(CMR) The Office of the Premier has issued a statement denying that Cabinet has actually made an affirmative decision regarding convicted child predator Ato Stephens – despite the Home Affairs Chief Officer, Wesley Howell stating that “they are not considering making a deportation order”
Trinidadian-born track star and coach who was jailed in August for abusing an ICT network by “sexting” with a teenage girl.
After a day of public outrage on the matter, the Premier, The Honourable Alden McLaughlin, now claims Cabinet has not made any decision. There has been no explanation of the statement that was provided to the media by the Home Affairs Office.
Apparently a number of parents have taken to social media, talk shows and privately messaging members of the Cabinet to express their outrage at the decision – which is now being denied. Some parents have also contact CIAA and demanded an emergency meeting to have the association's secretary removed, who is Stephen's wife. One concerned parent expressed her outrage by stating that:
“I am making sure that my membership fees are paid in full and will be contacting CIAA president, Lance Barnes, to request her immediate removal. I am appalled that as a mother she would not see the issue with him remaining on such a small island when they both have the option to live in several countries overseas.”
This peculiar statement claiming to set the record straight appears to directly contract an email that Wesley Howell sent to Cayman Compass stating:
“Ato Stephens was sentenced to 18 months on Thursday, 3 August 2017.
Mr. Stephens’ case was heard by the Conditional Release Board in November 2017 Under the law. Mr. Stephens currently resides in the Cayman Islands on conditional release, his sentence will be served on 4 February 2019.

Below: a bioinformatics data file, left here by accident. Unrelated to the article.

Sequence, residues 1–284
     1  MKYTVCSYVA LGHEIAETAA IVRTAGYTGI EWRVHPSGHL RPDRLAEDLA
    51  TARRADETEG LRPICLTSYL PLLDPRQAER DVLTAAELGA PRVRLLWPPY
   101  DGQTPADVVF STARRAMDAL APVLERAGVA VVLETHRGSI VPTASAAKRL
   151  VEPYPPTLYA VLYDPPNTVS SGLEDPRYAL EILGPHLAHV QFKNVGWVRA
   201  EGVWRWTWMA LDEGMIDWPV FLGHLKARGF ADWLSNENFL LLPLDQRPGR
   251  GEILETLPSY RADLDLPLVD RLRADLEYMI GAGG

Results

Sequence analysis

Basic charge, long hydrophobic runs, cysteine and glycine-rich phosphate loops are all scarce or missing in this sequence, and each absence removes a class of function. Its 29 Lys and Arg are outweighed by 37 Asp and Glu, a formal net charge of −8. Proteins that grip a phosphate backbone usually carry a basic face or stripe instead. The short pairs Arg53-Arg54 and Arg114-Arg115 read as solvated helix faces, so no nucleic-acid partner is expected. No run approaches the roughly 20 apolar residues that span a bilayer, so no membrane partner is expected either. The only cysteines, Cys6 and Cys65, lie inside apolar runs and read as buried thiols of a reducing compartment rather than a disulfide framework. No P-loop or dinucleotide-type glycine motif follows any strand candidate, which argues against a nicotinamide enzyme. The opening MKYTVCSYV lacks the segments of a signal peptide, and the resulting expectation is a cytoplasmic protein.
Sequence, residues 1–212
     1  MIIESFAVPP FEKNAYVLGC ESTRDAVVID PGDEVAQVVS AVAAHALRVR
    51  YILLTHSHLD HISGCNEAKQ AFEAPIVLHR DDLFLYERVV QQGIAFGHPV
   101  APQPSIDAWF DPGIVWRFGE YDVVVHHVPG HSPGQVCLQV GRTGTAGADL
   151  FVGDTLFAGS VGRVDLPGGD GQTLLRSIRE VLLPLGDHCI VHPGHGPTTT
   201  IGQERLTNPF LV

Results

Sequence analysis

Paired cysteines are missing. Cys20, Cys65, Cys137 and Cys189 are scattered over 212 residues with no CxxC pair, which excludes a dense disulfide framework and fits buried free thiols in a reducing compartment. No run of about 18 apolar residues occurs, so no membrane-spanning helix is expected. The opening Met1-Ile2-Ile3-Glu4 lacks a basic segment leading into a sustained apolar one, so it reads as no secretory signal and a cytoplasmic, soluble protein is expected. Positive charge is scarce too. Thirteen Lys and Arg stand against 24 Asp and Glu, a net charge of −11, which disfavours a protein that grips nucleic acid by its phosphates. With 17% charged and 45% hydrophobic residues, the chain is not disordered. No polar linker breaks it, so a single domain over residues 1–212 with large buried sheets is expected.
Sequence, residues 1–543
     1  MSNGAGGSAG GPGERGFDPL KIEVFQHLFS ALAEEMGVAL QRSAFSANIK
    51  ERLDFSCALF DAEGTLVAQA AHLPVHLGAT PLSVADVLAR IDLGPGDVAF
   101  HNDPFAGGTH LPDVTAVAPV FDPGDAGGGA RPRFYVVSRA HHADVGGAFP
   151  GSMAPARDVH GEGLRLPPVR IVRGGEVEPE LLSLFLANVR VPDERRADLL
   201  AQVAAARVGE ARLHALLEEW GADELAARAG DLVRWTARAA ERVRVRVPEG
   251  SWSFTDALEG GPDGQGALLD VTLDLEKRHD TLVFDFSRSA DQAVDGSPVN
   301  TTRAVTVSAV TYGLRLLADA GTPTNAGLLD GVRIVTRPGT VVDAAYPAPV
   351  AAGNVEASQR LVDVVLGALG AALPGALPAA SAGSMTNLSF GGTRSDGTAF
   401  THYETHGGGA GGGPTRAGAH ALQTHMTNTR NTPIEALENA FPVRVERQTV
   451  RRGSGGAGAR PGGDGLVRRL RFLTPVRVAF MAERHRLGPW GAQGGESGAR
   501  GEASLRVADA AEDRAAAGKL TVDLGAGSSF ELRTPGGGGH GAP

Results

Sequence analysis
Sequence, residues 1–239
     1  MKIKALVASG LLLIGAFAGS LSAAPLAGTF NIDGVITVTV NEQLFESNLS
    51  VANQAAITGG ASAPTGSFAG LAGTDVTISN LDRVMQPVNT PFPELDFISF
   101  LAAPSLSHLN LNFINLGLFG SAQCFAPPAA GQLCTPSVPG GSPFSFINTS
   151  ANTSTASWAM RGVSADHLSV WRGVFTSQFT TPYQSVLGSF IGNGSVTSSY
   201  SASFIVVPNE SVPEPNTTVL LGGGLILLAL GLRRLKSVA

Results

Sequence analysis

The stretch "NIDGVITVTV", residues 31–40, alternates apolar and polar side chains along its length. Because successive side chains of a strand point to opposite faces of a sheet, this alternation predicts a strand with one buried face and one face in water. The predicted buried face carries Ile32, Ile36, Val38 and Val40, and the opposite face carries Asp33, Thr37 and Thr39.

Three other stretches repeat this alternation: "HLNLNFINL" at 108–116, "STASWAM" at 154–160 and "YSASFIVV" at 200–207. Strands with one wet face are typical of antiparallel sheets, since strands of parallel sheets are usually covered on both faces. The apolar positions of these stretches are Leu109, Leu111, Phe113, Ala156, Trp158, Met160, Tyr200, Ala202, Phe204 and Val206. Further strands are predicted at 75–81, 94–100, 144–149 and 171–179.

The Immigration Law (2018 Revision) empowers the courts to recommend that a deportation order should be made in relevant cases, either in addition to or in lieu of sentence. Ultimately, the decision to authorise a deportation rests with the Cabinet. Such decisions are taken after consideration of the facts and circumstances in each particular instance.
With regard to Mr. Stephens’ case, when weighing all of the circumstances including the nature of the offence for which he was convicted and the fact that he has a Caymanian spouse and two Caymanian children, the Cabinet is not considering making a deportation order in this instance at this time.”
Many are of the view that Cabinet is now attempting to claim that a positive decision (indecision) has not been taken and therefore to state that they have decided to allow him to state is technically incorrect. Despite that, the letter from the Premier's office states that Stephens was granted conditional release until February 4, 2019.
He further states that the Court does not make deportation orders; that is a matter for Cabinet. Many are assuming that this means that his Cabinet will do nothing for the next year – effectively allowing him to remain in the Cayman Islands in any event.
In November Stephens ad his appeals against conviction and sentence denied by the Court of Appeal. The Court rejected arguments from the defence on behalf of Stephens, who was sentenced to 18 months in prison for the sexual messages exchanged between him and a teenager he was coaching, which included her sending him nude and semi-nude photos of herself.
We will continue to update this story as more information becomes available. The statement from the Officer of the Premier can be read in full here.